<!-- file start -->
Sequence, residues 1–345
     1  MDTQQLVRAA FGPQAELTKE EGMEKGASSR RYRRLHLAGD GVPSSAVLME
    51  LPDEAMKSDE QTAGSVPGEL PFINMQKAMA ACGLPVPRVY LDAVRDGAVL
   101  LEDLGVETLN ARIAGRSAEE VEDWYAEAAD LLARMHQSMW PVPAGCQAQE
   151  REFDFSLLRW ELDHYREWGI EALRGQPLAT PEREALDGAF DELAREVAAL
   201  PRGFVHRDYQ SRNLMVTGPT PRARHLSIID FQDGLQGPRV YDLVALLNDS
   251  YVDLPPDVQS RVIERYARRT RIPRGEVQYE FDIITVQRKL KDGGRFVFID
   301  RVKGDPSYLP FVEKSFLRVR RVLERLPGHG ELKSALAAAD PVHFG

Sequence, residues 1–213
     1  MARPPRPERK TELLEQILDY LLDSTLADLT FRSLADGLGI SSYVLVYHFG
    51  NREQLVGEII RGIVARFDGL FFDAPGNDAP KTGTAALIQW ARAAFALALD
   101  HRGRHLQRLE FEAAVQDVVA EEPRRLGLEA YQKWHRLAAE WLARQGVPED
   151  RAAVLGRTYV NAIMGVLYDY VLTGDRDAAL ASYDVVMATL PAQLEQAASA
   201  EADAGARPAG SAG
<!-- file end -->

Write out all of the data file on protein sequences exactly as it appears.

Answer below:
Sequence, residues 1–345
     1  MDTQQLVRAA FGPQAELTKE EGMEKGASSR RYRRLHLAGD GVPSSAVLME
    51  LPDEAMKSDE QTAGSVPGEL PFINMQKAMA ACGLPVPRVY LDAVRDGAVL
   101  LEDLGVETLN ARIAGRSAEE VEDWYAEAAD LLARMHQSMW PVPAGCQAQE
   151  REFDFSLLRW ELDHYREWGI EALRGQPLAT PEREALDGAF DELAREVAAL
   201  PRGFVHRDYQ SRNLMVTGPT PRARHLSIID FQDGLQGPRV YDLVALLNDS
   251  YVDLPPDVQS RVIERYARRT RIPRGEVQYE FDIITVQRKL KDGGRFVFID
   301  RVKGDPSYLP FVEKSFLRVR RVLERLPGHG ELKSALAAAD PVHFG

Sequence, residues 1–213
     1  MARPPRPERK TELLEQILDY LLDSTLADLT FRSLADGLGI SSYVLVYHFG
    51  NREQLVGEII RGIVARFDGL FFDAPGNDAP KTGTAALIQW ARAAFALALD
   101  HRGRHLQRLE FEAAVQDVVA EEPRRLGLEA YQKWHRLAAE WLARQGVPED
   151  RAAVLGRTYV NAIMGVLYDY VLTGDRDAAL ASYDVVMATL PAQLEQAASA
   201  EADAGARPAG SAG